To date, the Government of Canada has committed $90.6 million in financial support toward the crisis caused by Typhoon Haiyan. This amount includes over $85 million the Government of Canada matched through the Typhoon Haiyan Relief Fund launched in November 2013, based on eligible funding donated by individual Canadians to registered charities.
Of the $90.6 million commitment, $70 million has already been disbursed to meet urgent needs in a range of sectors, including food, water, sanitation, shelter, medical and livelihood opportunities. The remaining $20.6 million is being used to fund the following four projects through the Typhoon Haiyan Reconstruction Assistance Call for Proposals:
Rebuilding through Micro-insurance and Women’s Microenterprises (2015-2019)
Implementing partner: Canadian Cooperative Association
The project will support the long-term economic recovery for 2,000 micro-entrepreneurs and their families, and help them better prepare for the potential of future disasters. This will be achieved by helping to re-establish and improve small community convenience stores (sari-sari stores) badly damaged by the typhoon which are an important source of income for women, and help ensure the flow of household goods. Efforts will also focus on introducing new micro-insurance products in the Philippines.
Sustainable Economic Growth for Women and Men Affected by Typhoon Haiyan in Leyte and Samar (2015-2019)
Implementing partner: Centre for International Studies and Cooperation
The project will support the sustainable long-term economic recovery of 7,000 families affected by Typhoon Haiyan. Activities will include building capacity for climate-smart and resilient agriculture and fisheries production techniques, and for disaster risk reduction planning by communities and government officials. In addition, the new support will help strengthen the financial and business management skills of women operating micro- to medium-sized businesses.
Typhoon Haiyan Reconstruction Assistance (2015-2019)
Implementing partner: CARE Canada
The initiative will help support the long-term economic well-being of typhoon-affected women and men by providing training and technical support to 86,000 people and 4,000 entrepreneur households or cooperatives. Work will be focused on helping beneficiaries find new ways of earning and generating income; supporting communities in efforts to improve the production, storage, processing, packaging and marketing of goods and services; and strengthening the capacity of private businesses and local government agencies to deliver technical advice and financial services.
Restoring, Empowering and Protecting (REAP) Livelihoods Post Haiyan (2015-2019)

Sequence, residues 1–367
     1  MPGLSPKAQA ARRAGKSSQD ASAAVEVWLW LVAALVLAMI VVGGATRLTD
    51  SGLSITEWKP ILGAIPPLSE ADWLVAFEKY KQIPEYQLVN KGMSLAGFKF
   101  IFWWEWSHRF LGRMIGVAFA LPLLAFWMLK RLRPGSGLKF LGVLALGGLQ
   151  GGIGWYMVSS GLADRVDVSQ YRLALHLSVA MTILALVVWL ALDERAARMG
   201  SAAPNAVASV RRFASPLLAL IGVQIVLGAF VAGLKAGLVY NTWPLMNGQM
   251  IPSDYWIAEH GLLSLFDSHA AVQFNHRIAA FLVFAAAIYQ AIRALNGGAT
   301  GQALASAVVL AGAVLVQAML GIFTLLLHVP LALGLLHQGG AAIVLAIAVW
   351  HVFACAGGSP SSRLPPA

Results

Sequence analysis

Implementing partner: Adventist Development and Relief Agency World Renew Consortium
This project will support the sustainable long-term economic recovery of men and women that depend on agriculture and fishing for their livelihoods. Canada’s support for the project will help beneficiaries by: providing materials and training to restore tools and equipment lost in the typhoon; securing new ways of earning income that are less dependent on farming and fishing; and working with microfinance institutions and social enterprises to improve access to markets, financing and other business development services.
Canada’s Initial Response to Typhoon Haiyan
Canada was one of the first countries to respond to the Typhoon Haiyan crisis, and was the third largest humanitarian donor. Within 24 hours of the typhoon, the Department of Foreign Affairs, Trade and Development (DFATD) provided $5 million to humanitarian organizations for emergency relief activities.
On November 10, 2013, the Government of Canada established the Typhoon Haiyan Relief Fund, through which every eligible dollar donated by individual Canadians to registered Canadian charities responding to the impact of the typhoon would be matched by the Government of Canada. On April 3, 2014, Prime Minister Stephen Harper announced that individual Canadians contributed over $85 million in eligible donations.
The Government of Canada also deployed:
four planeloads of emergency relief items sourced from the DFATD-emergency stockpile;
a Red Cross medical team and field hospital to provide emergency health support;
elements of the Canadian Armed Forces’ Disaster Assistance Response Team to support relief efforts in the region by providing clean water, medical assistance and logistical support;
eight Canadian humanitarian experts to support Red Cross and United Nations humanitarian agencies responding to the typhoon;
four Canadian disease specialists (epidemiologists) from the Public Health Agency of Canada. The team assisted the Philippines’ Department of Health to identify and make recommendations on how to mitigate public health risks; and,
two Royal Canadian Mounted Police officers to assist in the development of an Interpol disaster victim identification plan.